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If they’re healthy, women don’t want boys. They want men. They want someone to contend with; someone to grapple with. If they’re tough, they want someone tougher. If they’re smart, they want someone smarter. They desire someone who brings to the table something they can’t already provide. This often makes it hard for tough, smart, attractive women to find mates: there just aren’t that many men around who can outclass them enough to be considered desirable (who are higher, as one research publication put it, in “income, education, self-confidence, intelligence, dominance and social ...more
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And if you think tough men are dangerous, wait until you see what weak men are capable of.
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However, if a given group is too small, it has no power or prestige, and cannot fend off other groups. In consequence, being one of its members is not that useful. If the group is too large, however, the probability of climbing near or to the top declines. So, it becomes too hard to get ahead.
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There are few things that make it harder to accept the fundamental limitations of human existence than a sick child.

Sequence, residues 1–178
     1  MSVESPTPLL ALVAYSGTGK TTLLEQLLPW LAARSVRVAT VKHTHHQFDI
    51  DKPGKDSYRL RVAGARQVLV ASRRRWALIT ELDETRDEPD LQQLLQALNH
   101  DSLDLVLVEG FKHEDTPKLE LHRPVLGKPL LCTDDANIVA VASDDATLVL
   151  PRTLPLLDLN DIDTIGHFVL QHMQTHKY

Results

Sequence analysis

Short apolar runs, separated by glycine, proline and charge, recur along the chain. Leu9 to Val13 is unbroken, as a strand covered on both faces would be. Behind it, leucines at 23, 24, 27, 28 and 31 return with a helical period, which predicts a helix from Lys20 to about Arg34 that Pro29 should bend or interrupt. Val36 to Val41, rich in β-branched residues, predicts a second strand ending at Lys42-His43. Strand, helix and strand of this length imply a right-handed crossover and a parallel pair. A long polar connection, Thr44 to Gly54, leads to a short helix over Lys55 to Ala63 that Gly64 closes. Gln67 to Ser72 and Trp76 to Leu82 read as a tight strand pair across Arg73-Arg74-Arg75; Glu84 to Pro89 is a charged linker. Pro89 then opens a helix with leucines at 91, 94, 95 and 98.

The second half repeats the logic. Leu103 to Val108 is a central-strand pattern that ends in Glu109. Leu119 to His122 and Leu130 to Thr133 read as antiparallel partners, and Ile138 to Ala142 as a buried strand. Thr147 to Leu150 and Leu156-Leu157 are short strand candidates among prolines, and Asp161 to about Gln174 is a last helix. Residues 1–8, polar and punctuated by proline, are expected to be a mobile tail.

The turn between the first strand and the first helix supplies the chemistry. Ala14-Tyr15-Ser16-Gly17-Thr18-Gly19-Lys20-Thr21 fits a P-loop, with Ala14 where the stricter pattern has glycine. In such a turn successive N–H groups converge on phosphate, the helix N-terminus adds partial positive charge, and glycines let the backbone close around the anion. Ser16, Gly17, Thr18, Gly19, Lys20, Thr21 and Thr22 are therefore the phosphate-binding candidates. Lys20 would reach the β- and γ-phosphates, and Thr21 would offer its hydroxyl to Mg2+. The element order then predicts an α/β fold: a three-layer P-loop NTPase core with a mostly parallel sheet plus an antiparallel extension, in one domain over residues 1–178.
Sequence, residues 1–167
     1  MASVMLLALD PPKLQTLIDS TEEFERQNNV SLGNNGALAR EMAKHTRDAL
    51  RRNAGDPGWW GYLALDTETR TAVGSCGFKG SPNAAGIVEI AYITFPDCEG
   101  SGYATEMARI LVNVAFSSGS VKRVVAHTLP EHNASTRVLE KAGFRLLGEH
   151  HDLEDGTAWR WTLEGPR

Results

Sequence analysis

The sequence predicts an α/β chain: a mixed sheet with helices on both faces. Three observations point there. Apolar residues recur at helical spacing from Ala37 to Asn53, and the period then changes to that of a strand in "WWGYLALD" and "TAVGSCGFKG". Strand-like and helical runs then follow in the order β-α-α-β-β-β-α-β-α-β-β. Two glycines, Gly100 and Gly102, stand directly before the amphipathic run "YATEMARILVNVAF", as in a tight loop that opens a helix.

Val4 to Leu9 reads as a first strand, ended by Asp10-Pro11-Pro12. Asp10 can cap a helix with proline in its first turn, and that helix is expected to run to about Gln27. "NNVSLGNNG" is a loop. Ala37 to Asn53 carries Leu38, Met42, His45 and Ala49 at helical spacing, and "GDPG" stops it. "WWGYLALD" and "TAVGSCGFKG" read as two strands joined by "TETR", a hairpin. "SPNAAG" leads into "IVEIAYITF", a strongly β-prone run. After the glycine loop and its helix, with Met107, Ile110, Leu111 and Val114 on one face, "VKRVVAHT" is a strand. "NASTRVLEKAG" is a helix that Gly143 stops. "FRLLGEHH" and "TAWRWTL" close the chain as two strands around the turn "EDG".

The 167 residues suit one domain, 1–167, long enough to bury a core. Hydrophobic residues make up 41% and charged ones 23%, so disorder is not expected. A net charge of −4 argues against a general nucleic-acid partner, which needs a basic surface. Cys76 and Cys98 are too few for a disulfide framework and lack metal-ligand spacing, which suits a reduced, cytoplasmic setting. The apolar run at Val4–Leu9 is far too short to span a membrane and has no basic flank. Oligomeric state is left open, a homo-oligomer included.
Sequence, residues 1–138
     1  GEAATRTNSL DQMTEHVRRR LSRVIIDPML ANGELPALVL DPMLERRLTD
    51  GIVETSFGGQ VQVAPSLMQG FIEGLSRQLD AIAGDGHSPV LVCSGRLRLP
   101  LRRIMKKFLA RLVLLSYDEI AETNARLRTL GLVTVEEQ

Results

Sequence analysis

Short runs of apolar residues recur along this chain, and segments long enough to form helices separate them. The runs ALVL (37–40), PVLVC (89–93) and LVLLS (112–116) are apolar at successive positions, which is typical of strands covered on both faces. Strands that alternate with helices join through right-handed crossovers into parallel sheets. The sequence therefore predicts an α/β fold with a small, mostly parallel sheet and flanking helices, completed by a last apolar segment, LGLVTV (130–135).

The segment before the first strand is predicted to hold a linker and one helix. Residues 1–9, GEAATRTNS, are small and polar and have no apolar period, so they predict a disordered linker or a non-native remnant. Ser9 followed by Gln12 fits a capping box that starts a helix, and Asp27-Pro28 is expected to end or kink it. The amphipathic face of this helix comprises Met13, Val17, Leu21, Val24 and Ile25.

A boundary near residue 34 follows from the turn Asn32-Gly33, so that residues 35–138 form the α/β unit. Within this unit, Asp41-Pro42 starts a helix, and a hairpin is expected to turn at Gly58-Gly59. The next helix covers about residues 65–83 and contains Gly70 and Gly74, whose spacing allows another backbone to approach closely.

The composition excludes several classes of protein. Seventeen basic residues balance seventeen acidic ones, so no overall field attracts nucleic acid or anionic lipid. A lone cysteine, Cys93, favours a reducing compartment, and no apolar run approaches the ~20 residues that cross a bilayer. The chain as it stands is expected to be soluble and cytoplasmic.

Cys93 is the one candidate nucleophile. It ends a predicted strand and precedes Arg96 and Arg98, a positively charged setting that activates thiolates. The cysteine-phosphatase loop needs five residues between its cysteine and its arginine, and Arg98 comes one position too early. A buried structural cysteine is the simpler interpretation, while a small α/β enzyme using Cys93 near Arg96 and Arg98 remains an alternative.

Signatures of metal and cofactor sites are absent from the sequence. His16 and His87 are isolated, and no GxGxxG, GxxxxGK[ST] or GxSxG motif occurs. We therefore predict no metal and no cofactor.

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Then a strange thing happened. He got boring. The more amazing his abilities became, the harder it was to think up interesting things for him to do. DC first overcame this problem in the 1940s. Superman became vulnerable to the radiation produced by kryptonite, a material remnant of his shattered home planet.
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In 1976, he was scheduled to battle Spiderman. It was the first superhero cross-over between Stan Lee’s upstart Marvel Comics, with its less idealized characters, and DC, the owner of Superman and Batman. But Marvel had to augment Spiderman’s powers for the battle to remain plausible. That broke the rules of the game. Spiderman is Spiderman because he has the powers of a spider. If he is suddenly granted any old power, he’s not Spiderman. The plot falls apart.
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People following a story are willing to suspend disbelief as long as the limitations making the story possible are coherent and consistent. Writers, for their part, agree to abide by their initial decisions. When writers cheat, fans get annoyed. They want to toss the book in the fireplace, and throw a brick through the TV.
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My sister-in-law is a palliative care nurse. She thought we could add Ritalin, an amphetamine often used for hyperactive kids, to the oxycontin.
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That March we bought Mikhaila a 50cc motor scooter. It was dangerous to let her ride it. It was also dangerous for her to lack all freedom. We chose the former danger.